1/14/2021 9:47 AM
I am preparing a presentation on a case study where an 82 year old man with fatigue and dyspnea on exertion ultimately needed a TAVR, but went through several months of endless testing, labs, and specialty visits until the cardiopulmonary exercise test revealed cardiac limitation to exercise. My take on the matter is what if CPX was used early in the evaluation and pointed towards a cardiac cause and thus cut out a lot of unnecessary visits and testing and got to the solution much quicker.
This seems to be a trend around here that CPX is used when everything else fails to come up with the culprit instead of early in the evaluation to help drive where any additional investigation might go, or maybe reveals the problem right away.
Is this similar to your experiences? Or do you all use CPX earlier in the process?
1/18/2021 8:45 AM
Hi Clinton and thank you for your always well thought out responses and questions. I think where we have got off track is when CPX testing is more valuable, not if it actually pinpoints the issue. I do agree that using just some of the abnormal variables at face value has its problems and I would never use a single variable such as O2 pulse to suggest a cardiac limitation by itself and certainly not specific to one cardiac condition. You are also a bit limited in being able to respond because I have not given you the entire scenario and my thought processes that led me to my suggestion to the cardiologist that his valve disease may be the biggest concern, but even during that discussion we could not totally eliminate the range of possibilities from microvascular ischemia, obstructive CAD, pulmonary htn, heart failure, etc. We did talk however, that if these results came to light earlier, he would have likely taken him to catheterization much sooner and figured out his aortic valve was considerably worse than thought. So, in this case he did have ST changes, low peak VO2, borderline low AT, low O2 pulse and abnormal graphically, low VO2/workrate relationship and symptoms different than his prior angina, but consistent with valve disease.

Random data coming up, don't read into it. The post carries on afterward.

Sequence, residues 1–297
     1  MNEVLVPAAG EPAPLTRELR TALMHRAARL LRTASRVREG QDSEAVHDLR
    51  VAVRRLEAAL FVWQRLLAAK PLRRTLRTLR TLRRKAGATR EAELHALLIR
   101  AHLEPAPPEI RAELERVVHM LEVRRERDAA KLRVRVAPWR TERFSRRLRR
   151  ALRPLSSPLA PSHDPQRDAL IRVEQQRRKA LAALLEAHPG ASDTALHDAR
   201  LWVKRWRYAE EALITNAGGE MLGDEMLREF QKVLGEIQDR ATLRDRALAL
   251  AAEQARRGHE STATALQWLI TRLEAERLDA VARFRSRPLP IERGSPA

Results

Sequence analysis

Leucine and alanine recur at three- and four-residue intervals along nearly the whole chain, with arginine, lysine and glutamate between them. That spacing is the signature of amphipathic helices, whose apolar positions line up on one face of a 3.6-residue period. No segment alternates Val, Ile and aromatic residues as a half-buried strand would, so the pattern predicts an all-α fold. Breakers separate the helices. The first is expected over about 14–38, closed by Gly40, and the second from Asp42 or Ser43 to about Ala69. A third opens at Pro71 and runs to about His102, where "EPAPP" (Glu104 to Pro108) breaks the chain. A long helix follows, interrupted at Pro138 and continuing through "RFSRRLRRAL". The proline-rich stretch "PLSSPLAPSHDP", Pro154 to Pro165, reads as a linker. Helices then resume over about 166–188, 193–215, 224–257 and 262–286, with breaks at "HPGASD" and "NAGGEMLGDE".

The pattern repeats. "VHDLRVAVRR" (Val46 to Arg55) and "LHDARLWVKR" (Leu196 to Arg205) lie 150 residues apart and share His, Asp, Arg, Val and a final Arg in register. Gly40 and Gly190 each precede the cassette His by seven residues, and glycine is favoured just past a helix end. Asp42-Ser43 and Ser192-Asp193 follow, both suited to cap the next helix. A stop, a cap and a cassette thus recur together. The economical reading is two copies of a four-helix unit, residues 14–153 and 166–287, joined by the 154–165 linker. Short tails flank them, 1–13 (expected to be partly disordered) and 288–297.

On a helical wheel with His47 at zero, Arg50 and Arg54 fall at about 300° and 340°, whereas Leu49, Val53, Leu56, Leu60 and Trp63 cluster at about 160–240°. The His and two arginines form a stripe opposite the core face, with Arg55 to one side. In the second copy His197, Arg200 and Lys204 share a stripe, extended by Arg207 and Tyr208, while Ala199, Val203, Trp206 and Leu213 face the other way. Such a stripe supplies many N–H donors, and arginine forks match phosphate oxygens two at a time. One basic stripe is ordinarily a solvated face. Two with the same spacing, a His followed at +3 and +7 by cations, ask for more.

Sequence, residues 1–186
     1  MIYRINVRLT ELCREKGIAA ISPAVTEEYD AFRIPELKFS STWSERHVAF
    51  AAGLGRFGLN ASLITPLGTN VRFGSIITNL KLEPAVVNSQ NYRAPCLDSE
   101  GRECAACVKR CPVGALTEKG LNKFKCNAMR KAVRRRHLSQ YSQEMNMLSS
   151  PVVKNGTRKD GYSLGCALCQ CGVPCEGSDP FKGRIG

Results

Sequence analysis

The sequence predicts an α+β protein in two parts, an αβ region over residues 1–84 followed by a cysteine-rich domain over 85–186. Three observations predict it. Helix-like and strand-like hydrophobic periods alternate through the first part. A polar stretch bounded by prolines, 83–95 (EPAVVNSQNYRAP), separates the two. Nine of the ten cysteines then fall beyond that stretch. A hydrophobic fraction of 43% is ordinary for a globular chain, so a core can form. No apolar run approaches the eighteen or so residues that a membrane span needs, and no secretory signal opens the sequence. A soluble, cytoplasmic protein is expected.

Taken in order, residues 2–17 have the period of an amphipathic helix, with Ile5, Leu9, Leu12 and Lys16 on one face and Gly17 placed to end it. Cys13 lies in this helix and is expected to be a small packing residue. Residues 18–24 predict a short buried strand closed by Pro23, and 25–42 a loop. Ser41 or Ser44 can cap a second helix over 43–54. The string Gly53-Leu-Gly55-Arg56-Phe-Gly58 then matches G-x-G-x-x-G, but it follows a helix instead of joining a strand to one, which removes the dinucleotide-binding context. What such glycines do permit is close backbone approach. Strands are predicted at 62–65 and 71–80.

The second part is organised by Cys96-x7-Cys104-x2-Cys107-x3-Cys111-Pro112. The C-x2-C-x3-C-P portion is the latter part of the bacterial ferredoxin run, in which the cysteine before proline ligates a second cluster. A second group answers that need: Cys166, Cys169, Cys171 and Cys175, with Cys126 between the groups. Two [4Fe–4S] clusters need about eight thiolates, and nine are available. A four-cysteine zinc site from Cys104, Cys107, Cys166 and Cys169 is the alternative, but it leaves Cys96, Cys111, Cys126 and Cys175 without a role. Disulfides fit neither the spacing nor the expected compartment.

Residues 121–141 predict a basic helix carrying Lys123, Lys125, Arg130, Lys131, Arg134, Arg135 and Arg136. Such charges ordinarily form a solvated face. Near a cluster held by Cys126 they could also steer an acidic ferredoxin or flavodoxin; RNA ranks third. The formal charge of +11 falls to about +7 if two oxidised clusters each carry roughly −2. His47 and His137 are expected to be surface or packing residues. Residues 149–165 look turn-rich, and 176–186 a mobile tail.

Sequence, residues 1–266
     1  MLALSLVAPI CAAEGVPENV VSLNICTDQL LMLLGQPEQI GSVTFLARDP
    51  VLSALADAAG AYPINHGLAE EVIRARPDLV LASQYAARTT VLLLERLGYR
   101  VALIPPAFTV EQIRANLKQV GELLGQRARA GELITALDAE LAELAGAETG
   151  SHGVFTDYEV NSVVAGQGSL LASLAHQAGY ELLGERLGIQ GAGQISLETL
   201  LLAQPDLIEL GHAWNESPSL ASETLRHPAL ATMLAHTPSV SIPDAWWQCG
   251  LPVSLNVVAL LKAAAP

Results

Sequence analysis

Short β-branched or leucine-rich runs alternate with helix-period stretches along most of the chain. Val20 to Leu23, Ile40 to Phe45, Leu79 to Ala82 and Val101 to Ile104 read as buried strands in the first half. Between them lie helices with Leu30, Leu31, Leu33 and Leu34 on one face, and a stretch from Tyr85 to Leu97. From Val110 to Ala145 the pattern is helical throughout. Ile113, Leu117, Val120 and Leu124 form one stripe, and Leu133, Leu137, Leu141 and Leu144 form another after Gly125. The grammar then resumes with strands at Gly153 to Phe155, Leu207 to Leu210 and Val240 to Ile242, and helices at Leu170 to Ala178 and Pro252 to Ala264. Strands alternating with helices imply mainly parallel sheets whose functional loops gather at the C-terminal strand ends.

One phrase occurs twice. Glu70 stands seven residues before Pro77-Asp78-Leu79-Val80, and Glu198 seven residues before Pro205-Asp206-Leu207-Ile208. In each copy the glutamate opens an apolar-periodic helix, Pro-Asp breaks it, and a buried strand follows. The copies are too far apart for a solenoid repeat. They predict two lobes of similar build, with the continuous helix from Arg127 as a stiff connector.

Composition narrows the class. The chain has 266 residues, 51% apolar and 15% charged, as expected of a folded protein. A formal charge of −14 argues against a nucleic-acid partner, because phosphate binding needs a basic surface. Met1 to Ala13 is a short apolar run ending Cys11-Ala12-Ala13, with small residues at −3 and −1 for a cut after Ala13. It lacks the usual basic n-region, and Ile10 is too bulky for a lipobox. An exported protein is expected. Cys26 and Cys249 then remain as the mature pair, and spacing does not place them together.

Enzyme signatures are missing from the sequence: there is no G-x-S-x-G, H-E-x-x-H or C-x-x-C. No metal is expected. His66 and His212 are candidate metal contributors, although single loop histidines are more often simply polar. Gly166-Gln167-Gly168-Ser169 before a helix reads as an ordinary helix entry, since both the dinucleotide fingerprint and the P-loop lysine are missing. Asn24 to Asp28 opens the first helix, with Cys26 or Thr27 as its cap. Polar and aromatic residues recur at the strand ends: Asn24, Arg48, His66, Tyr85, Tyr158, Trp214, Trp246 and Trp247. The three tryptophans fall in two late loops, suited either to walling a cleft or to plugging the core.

I will also say that over the past 6 years that I have been following the research and participating in multiple practicums that the evidence is starting to add up that some of these variables are becoming more valuable in diagnosis and not just prognosis of different conditions, although taken individually, are still not very accurate. But, taken in the overall clinical scenario, can be more telling than what we have been able to use CPX in the past.
I also had the added visit to consult on his conditions and symptoms and had a very clear picture of over 20 visits (including testing) that gave me an advantage to when it came down to help interpret his results, I could help the cardiologist come up with the plan that revealed his issues.
I have often discussed with people in our profession that sometimes we get to stuck in the past and just what numbers and results tell us in a silo. It is case studies like this that can help highlight how much more valuable we are beyond being able to interpret data points and just make out reports.
I will also admit that I have a somewhat unique position here and have advantages and very established relationships with our physicians that allow me to work to my full scope of knowledge, experience and training, but yet also staying within reasonable boundaries.